- In Teen Wolf one of the orderlies at Eichen House takes clear pleasure in the power he has over the inmates, looking for excuses to restrain them. He also murdered patients, including Lydia's grandmother, believing himself to be ending their pain.
- On ER, Elizabeth notices an orderly leaving a patient's room and doesn't think anything of it. . .until she later walks into the room and sees that woman is covered with bruises, having been raped.
- Star Trek: The Next Generation: In "Frame of Mind", Riker wakes up in an alien asylum where he is a patient and told that the Enterprise is an elaborate fantasy his mind created to cover up the truth about an extremely violent murder he committed. The burly orderly who supervises him doesn't have enough sense to not openly taunt the potentially psychotic person about this. Of course, this causes Riker to freak out and lash out at him before being sedated.
- In the Doctor Who episode "World Enough and Time", Bill gets shot through the chest and wakes up in a creepy hospital with a cumbersome artificial heart attached to her, where she's forced to work as a cleaner. Her only friend is a slightly creepy but charming hospital orderly known only as "Razor". It turns out that he's the Master, and he's setting her up to be turned into a Cyberman.
- "The orderlies are stealing, there's no excuse!"
- This trope is probably where "Big Scary Orderlies" gets its name from.
- The orderly from Michael Gentry's Interactive Fiction work Anchorhead is generally a foul-mouthed, unpleasant person who is usually seen reading a porn magazine, and will occasionally make a lewd remark.
- Sanitarium has a few examples - in the first act, one willfully leaves Max and several other patients in the burning tower because Max apparently stole and crashed his car, while the third act has one who threatens and bullies Max. They're not real.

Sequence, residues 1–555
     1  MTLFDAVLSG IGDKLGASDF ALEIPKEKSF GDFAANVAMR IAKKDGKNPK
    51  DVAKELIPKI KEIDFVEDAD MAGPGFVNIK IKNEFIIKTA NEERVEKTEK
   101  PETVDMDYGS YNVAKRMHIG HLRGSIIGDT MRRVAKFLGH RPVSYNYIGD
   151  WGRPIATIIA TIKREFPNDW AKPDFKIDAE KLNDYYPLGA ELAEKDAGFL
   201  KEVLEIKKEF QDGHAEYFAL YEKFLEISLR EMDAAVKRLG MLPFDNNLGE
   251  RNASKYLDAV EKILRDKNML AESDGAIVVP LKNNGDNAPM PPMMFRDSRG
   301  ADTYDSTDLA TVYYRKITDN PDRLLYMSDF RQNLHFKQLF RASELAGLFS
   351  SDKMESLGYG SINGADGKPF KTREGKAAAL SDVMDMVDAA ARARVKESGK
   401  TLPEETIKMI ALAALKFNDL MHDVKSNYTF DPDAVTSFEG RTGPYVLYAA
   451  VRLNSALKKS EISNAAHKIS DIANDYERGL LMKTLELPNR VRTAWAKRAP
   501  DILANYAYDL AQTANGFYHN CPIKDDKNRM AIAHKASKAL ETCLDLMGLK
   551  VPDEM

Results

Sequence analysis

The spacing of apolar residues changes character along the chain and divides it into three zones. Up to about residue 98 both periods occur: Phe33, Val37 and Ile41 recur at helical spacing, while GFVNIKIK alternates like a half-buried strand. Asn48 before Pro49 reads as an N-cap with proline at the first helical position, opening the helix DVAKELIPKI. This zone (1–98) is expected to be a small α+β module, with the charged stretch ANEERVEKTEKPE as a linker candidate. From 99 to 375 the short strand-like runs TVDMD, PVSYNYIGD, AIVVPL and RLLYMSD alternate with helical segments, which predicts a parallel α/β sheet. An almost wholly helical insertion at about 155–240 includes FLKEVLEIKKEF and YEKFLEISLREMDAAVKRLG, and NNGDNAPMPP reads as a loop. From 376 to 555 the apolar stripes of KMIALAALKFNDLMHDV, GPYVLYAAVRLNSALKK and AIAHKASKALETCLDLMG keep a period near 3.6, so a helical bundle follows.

- Ace from Ruby Quest. Granted, he was probably a good guy before things started going to hell, but now...
- In American McGee's Alice and Alice: Madness Returns, Alice's experience with the two Jerk Ass orderlies who tortured her in the mental asylum she stayed at manifest in the creepy Wonderland versions of Tweedles Dee and Dum. You fight them in the first game, but they make a non-combative appearance in one of the creepiest sequences of the second, in the same asylum Alice stayed in.
- Inverted and Played Straight in Psychonauts. The original orderly of Thorny Towers was Fred Bonaparte, a friendly loser who took time out to help a particularly nasty patient named Crispin. However, their interactions made Fred lose his sanity as fast as Crispin regained his, and soon he was a suffering patient as Crispin was made this trope in his place.
- Ace from Ruby Quest. He apparently used to be a nice guy until the overturn of the facility, which turned him into a dreaded Eldritch Abomination's servant.]]
- Subverted in the Homestuck AU Brainbent. Equius is an orderly, and he certainly has a creepy demeanor (quiet, sweaty giants in sunglasses tend to be offputting), but he's actually perfectly harmless, and indeed quite sweet underneath his stoic exterior.
- In the flashback portion of the The Scooby-Doo and Scrappy-Doo Show short "Scrappy's Birthday", Shaggy and Scooby are harassed by an orderly at the veterinary hospital where Scrappy is born.
- Rocko's Modern Life: In "Tickled Pinky", when Rocko goes to the hospital for an appendectomy, he's briefly tormented by a pair of thuggish, condescending orderlies.
- A very mild version in the SWAT Kats episode "Enter the Madkat." The involuntarily coommitted former comedian Lenny Ringtail is harassed by an orderly whose desk is right outside of his cell. The orderly frequently listens to The David Litterbin Show, hosted by Ringtail's hated professional rival, a David Letterman Expy, even though he knows it causes Ringtail to become agitated and hit his own head against the wall.